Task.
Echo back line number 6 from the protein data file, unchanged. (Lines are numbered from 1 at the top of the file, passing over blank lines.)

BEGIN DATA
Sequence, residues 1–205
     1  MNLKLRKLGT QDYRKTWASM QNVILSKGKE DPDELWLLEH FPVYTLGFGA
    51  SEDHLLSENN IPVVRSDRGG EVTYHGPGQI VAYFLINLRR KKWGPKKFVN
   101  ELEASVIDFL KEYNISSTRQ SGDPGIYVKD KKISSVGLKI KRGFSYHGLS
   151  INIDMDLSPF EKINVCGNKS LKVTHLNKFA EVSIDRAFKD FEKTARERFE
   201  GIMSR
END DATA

   201  GIMSR